To keep the photon-pair generation path phase-locked, a 750 nm CW laser passes in reverse through the setup to a separate pair of photodetectors. The output from these photodetectors is monitored with the Moku:Go Data Logger, which can detect a failure of the phase locking during the course of an experiment. Dr. Cyril Torre, a researcher in the lab of Dr. Jonathan Mathews from the University of Bristol group, says Moku:Go was a tremendous asset in his research.

“We used the [Moku] Oscilloscope to make sure that the system was locked to the correct frequency,” he said. “We chose Moku:Go because we didn’t need super specs — we needed a multi-tool. It’s very user-friendly.” 

After generation, the entangled photon pairs pass to the microscopy setup, as shown in Figure 1b. One optical path transmits through the sample before recombination with its partner, using the HOM technique described above. A series of photodetectors then analyze the results.

Hong-Ou-Mandel setup

Figure 1: The experimental setup used in the experiments. (a) Photon-pair generation, using a 404 nm laser in conjunction with a ppKTP crystal and polarizing beam splitter. The resulting entangled pairs pass through outputs A and B. (b) The HOM microscope. One beam path passes through the sample while the other directly enters the PBS. The resulting pairs are collected by an array of photodetectors.[1]

The result

The group demonstrated the efficacy of two-color HOM microscopy by imaging a semitransparent sample with varying depth features. The group performed a raster scan across the surface of the sample, subdividing it into 4,000 pixels and probing the depth at each one. The result, alongside a conventional optical microscope image, is shown in Figure 2. The precision of the measurement using the HOM setup was estimated to be around 1 μm, although this figure can be adjusted by tuning the frequency difference between the photon pairs. The group’s approach significantly reduces the illumination intensity required for imaging, reaching the performance of super-resolution spectroscopy with a probe intensity of only 10-8 W/cm2, which is 8 to 12 orders of magnitude lower than the power required to achieve such precision with classical techniques.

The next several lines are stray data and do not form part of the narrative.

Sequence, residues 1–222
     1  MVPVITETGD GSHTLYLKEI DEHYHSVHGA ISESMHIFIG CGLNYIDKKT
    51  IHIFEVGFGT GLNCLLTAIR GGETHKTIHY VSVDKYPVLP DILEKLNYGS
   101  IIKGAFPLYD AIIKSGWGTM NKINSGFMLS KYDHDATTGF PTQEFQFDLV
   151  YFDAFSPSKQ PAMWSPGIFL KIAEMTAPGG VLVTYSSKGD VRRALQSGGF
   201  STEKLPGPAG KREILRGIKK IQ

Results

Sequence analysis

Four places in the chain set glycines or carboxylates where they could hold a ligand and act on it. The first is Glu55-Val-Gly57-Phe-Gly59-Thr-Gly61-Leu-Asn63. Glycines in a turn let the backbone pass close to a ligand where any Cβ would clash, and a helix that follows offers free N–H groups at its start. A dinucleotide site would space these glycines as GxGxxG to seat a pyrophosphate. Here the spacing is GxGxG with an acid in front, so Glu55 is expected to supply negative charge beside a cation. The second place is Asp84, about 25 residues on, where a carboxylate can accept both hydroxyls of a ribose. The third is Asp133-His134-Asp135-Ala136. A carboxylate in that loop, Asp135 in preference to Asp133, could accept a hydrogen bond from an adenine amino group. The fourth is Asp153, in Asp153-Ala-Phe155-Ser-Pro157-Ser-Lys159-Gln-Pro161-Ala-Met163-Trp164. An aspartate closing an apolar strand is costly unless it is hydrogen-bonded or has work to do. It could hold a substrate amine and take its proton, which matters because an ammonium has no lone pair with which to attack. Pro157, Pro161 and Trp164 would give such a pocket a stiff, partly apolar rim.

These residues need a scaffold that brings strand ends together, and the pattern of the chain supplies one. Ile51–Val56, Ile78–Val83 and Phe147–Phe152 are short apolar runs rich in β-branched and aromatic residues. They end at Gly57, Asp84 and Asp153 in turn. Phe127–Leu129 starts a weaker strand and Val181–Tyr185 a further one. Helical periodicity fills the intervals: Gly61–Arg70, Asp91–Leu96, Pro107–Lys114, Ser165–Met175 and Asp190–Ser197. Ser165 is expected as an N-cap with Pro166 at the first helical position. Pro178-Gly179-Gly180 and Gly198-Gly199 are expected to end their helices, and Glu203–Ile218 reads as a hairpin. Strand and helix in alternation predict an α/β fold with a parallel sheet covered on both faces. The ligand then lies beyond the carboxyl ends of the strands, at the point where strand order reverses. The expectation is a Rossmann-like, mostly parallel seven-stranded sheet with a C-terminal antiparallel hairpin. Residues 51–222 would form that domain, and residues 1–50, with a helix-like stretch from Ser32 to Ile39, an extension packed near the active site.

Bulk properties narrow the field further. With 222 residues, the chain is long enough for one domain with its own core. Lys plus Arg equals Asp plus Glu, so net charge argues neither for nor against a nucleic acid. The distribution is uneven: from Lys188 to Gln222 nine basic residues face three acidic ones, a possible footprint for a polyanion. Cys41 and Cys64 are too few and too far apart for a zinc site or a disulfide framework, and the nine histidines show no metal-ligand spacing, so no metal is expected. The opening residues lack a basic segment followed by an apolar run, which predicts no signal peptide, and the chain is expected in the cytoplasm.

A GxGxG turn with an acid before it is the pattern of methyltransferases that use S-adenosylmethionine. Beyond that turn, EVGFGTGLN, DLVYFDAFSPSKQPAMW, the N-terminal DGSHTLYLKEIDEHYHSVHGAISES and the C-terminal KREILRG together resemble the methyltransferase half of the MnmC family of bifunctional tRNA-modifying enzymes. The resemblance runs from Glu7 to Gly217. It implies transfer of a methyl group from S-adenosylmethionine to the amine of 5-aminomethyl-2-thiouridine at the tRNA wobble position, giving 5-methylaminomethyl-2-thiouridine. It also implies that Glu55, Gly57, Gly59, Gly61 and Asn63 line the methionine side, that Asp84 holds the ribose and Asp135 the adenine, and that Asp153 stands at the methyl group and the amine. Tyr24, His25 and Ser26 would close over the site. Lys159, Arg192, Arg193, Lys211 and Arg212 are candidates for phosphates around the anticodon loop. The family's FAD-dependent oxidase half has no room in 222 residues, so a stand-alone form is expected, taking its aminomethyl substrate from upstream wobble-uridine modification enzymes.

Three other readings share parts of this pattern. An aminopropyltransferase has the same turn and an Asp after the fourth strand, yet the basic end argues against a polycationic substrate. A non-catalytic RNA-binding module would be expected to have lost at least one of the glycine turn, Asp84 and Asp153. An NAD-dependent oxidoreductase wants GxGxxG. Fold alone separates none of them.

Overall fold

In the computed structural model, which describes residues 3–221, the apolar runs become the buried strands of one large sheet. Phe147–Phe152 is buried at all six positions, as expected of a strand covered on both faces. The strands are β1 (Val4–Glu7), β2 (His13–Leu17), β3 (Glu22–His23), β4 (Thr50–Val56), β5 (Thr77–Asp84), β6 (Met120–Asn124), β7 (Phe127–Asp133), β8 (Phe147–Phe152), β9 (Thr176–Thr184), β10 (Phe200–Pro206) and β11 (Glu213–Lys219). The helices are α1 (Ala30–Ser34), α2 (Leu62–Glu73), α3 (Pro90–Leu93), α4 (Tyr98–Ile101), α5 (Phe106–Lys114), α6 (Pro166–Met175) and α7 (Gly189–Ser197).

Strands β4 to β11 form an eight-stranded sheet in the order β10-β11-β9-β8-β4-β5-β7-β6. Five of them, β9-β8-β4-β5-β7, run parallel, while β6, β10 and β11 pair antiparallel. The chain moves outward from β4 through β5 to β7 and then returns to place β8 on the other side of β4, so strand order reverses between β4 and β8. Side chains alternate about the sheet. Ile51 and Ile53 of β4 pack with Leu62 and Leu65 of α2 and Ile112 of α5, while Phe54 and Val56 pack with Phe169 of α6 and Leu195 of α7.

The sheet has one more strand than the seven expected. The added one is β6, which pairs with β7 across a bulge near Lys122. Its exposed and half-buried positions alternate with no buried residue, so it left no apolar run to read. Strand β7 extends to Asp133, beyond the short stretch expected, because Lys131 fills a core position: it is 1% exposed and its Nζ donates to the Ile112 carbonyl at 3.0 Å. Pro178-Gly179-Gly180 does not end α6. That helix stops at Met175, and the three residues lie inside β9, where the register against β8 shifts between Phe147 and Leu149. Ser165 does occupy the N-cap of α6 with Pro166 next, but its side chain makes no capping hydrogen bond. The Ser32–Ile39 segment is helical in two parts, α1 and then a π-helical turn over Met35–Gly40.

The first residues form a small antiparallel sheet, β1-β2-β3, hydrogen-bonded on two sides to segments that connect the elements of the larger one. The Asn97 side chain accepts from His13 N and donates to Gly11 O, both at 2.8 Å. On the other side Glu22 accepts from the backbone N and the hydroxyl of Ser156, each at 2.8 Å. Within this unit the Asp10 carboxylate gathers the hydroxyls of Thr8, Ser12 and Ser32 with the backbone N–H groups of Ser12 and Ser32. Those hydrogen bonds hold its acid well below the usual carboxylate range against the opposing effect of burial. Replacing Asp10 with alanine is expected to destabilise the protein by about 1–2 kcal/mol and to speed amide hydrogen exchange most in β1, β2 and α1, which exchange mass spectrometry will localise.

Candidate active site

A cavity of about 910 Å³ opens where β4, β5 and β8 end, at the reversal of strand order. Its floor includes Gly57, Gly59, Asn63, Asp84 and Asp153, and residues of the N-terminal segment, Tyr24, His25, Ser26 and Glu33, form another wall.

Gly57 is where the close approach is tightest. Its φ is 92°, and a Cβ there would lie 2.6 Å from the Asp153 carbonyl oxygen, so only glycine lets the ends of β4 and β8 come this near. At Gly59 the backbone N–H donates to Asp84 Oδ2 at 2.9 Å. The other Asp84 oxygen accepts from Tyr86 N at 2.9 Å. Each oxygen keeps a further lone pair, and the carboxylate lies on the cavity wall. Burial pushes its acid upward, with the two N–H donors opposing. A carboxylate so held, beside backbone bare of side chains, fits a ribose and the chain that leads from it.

Microscopy data

Figure 2: A comparison of two-color HOM measurement versus classical imaging. Left: 3D reconstruction of the sample using the depth calculated at each pixel. The estimated axial resolution is around 1 μm. Right: A classical optical microscope image of the same sample.[1] 

Dr. Torre and his colleagues have developed an optical imaging system that harnesses the power of two-color entangled photon pairs. The result is a HOM microscope with sub-micrometer precision, low illumination requirements, and a variable dynamic range, which presents a substantial benefit for the study of photosensitive biological samples and materials. 

Looking ahead, Dr. Torre sees space for reconfigurable solutions like Moku to become commonplace.

“We also have one Moku:Pro and two Moku:Lab devices that are currently being used in other experiments in our group,” he said. “They’re working very well. We like the Moku software and the regular updates.” 


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[1] C. Torre, A. McMillan, J. Monroy-Ruz, and J. C. F. Matthews. Phys. Rev. A. 108, 023726 (2023).